Carlton County Coordinator Dennis Genereau concurred with Coughlin’s assessment.
“They haven’t done a letter. They don’t want to do a letter by all representations to us,” Genereau said. “But they have indicated that they feel very, very strongly that the county has to take action to address their courtrooms.”
The size of the property near the Transportation Building also gives the county ample room to expand the facility in the future.
While building a justice center would expand the scope of the project — estimates in February put it at up to $60 million — the additional space would be mainly courtrooms and office space. Cost estimates for a justice center were not yet available, but the square footage cost of office space is “much less” than detention space, Coughlin said.
Problems with Carlton campus
As the county has continued to plan for the jail, problems have begun to emerge with the courthouse site.
A sewer line from the city of Carlton running along Maple Avenue across Third Street could severely constrict the county’s options for building a new facility on the campus. By code, nothing can be built within 10 feet of either side of the sewer line. McGough Construction in Duluth estimated it would cost $650,000-$725,000 to move the line.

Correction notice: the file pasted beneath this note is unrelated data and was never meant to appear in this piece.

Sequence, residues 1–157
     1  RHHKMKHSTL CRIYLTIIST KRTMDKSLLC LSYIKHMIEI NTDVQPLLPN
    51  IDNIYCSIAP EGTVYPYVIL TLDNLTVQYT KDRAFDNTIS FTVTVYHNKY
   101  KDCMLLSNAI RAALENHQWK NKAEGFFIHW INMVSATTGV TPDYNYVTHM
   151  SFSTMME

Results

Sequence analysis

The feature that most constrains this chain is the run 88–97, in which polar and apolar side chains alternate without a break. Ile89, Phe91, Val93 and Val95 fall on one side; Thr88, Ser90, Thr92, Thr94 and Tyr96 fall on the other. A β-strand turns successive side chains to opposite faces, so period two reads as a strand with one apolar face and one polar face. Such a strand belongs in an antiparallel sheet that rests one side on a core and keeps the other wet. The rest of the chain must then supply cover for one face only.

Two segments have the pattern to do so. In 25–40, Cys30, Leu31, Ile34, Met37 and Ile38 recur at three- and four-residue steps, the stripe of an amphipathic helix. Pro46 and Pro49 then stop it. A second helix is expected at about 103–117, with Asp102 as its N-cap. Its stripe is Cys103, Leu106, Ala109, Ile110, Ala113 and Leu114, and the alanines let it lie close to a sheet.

“This is a major line that serves the whole western edge of Carlton,” Coughlin said.
In addition, the old transportation building was located on the site and included a pair of gas pumps. The county cleaned up some of the area after it built the current facility on County Road 61, but a 2011 letter from the Minnesota Pollution Control Agency said the county could have to do some additional mitigation if it ever wanted to dig or build in the current parking lot area of the courthouse.
Other problems have emerged with the Carlton High School property adjacent to the courthouse campus. The county met with members of the Carlton School Board on April 14 to discuss the availability of the campus. Genereau said they asked the district for an answer by mid-July.
Coughlin said previous plans for the new jail called for the new facility to be located in the current courthouse parking lot. The county planned to demolish the oldest part of the high school — the section closest to the current Law Enforcement Center — for a new parking lot and remodel the newer portion to house the county’s administrative offices.
That plan has been thrown into question by a pair of issues. The older part of the school was built in 1915 and contains asbestos and lead paint. The issues are not a danger to those currently using the building, but demolition would cost “not tens of thousands, but hundreds of thousands of dollars” to remove the hazardous substances, according to Coughlin.
What’s more, the heating and cooling system for the entire school is located in the older part of the building, meaning the county would incur more costs to connect the building to the new jail’s heating and cooling system.
“I’m not trying to advocate for one site or the other — I’m simply trying to go over the information that’s known today,” Coughlin said.
The next public jail planning meeting is scheduled for 2 p.m. May 17 at the Carlton County Transportation Building.